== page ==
76. 76. CHLOROQUINE    CHLOROQUINE IS A RAPIDLY ACTING SCHIZONTOCIDE. IT BELONGS TO AMINOQUINOLONES Most effective drug and widely used.  MECHANISM OF ACTION  LIKE CHLOROQUINE IT RAISES THE INTRAVASCULAR PH.  IT BINDS TO THE HAEM AND THE COMPLEX DAMAGES MEMBERANES OF THE PARASITE.  RESISTANT ORGANISMS ACCUMULATE LESS MEFLOQUINE  Exact mechanism is unknown. Probably it blocks the enzymatic system responsible for DNA and RNS synthesis. So it inhibits transcription. 78
    77. 77.  QUININE It is the oldest drug, being used from 1633  Can be used orally and parenterally.  79
    78. 78. Mechanism of Action—not clear, many mechanisms are proposed.  1st mechanism—it may depress many enzymatic system  2nd mechanism—it may produce Hbonding between the DNA strands. So there is no separation, no synthesis of mRNA and no transcription.  3rd mechanism—it may poison the protoplasmic parasitic feeding system.  80
    79. 79.  ADVERSE EFFECTS BITTER IN TASTE  NAUSEA  VOMITING  DIARRHOEA  DIZZINESS  ABDOMINAL PAIN AND  SINUS BRADYCHARDIA . GIT—irritates the gastric mucosa producing nausea, vomiting, epigastric pain etc  81
    80. 80. ◦ USES:- MALARIA  CEREBRAL MALARIA  NOCTURNAL MUSCLE CRAMPS  DIAGNOSIS OF MYASTHENIA GRAVIS  SPERMICIDAL IN VAGINAL CREAMS  82
    81. 81. PULMONARY TUBERCULOSIS
    82. 82. General Considerations Tuberculosis is a chronic infection, potentially of lifelong duration, caused by two species of mycobacteria M.tuberculosis and, rarely, M.bovis It was isolated by Robert Koch in 1882 The morbidity and mortality of tuberculosis are high in developing countries.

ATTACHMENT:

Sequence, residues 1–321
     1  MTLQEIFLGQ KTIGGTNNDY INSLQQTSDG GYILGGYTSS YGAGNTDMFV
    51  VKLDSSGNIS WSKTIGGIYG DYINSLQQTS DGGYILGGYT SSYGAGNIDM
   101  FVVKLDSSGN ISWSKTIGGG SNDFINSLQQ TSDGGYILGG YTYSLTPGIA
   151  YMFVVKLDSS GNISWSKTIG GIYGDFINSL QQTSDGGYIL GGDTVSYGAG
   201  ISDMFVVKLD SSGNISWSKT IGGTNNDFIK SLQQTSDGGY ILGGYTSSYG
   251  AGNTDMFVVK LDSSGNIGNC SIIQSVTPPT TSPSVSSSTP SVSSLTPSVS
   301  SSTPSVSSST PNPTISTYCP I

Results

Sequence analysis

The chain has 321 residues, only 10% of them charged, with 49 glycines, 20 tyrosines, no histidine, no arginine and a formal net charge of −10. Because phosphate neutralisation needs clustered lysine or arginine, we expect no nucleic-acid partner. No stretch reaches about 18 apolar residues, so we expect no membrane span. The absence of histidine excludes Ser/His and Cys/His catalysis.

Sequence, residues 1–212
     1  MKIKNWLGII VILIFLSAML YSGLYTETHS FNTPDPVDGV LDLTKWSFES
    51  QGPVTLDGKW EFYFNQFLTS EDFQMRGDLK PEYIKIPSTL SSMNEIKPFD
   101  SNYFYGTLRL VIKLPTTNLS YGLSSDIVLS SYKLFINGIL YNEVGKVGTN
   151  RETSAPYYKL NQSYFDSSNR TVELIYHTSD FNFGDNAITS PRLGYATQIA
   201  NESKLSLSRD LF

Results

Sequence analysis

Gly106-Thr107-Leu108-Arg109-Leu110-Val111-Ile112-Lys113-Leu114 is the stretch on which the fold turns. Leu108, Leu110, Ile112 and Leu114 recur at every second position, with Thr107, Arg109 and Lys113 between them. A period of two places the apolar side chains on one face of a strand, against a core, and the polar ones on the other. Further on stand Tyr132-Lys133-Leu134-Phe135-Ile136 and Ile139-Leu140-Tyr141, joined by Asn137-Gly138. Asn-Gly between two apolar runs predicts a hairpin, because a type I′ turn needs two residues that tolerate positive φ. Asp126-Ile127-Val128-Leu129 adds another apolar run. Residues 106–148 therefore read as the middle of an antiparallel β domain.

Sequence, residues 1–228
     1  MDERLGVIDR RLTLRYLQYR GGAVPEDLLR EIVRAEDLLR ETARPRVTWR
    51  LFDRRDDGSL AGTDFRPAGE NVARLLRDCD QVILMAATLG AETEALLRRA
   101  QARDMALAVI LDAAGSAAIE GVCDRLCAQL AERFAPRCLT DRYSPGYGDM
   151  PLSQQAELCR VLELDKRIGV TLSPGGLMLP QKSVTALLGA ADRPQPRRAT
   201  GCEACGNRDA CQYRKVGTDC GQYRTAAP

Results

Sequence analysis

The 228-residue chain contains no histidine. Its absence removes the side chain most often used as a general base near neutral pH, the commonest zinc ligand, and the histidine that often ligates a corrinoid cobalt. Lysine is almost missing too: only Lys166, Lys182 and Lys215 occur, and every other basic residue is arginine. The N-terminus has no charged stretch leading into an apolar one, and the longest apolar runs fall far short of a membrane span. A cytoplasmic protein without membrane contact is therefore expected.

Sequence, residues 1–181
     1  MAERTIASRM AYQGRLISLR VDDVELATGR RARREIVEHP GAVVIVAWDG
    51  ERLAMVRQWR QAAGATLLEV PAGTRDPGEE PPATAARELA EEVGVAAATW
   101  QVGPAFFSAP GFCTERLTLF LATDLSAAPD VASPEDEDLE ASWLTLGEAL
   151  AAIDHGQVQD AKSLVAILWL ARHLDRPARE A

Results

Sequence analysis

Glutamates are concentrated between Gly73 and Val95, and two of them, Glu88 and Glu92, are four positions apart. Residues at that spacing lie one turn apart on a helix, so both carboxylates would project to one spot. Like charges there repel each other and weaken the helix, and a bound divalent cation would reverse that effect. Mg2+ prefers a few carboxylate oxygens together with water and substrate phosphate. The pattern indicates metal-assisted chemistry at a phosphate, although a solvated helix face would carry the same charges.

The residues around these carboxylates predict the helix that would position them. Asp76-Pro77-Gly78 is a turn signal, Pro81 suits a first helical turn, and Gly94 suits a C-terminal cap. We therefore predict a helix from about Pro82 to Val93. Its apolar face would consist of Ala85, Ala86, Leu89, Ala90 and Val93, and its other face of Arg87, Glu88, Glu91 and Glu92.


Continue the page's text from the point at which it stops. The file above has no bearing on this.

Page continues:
83. 83. General Considerations The disease is confined to the lungs in most patients but may spread to almost any part of the body
    84. 84. Etiology • The tubercle bacillus (M.Tuberculosis) is aerobic, non-motil,nonspore-forming, high in lipid content, and acid and alcohol-fast • It grows slowly . • It can’t tolerate heat, but It can live in humid or dry or cold surroundings.
    85. 85. epidemiology A key link of epidemic The source of contagious The route of spread Peoples are easily affected
    86. 86. • Tuberculosis is transmitted by airborne droplet nuclei(containi ng tubercle bacilli )
    87. 87. • Many droplet nuclei are capable of floating in the immediate environment for several hours • Large particles may be inhaled by a person breathing the same air and impact on the trachea or wall of the upper airway
    88. 88. The transmission is determined • The probability of contact with a case of TB • The intimacy and duration of that contact • The degree of infectiouseness of case • The shared environment of the contact
    89. 89. Pathogenesis tubercle bacillus Human immunity
    90. 90. Antituberculosis drugs  First-line ◦ drugs Isoniazid, rifampin, pyrazinamide, eth ambutol and streptomycin  Second-line drugs ◦ Aminosalicylic acid(PAS), kanamycin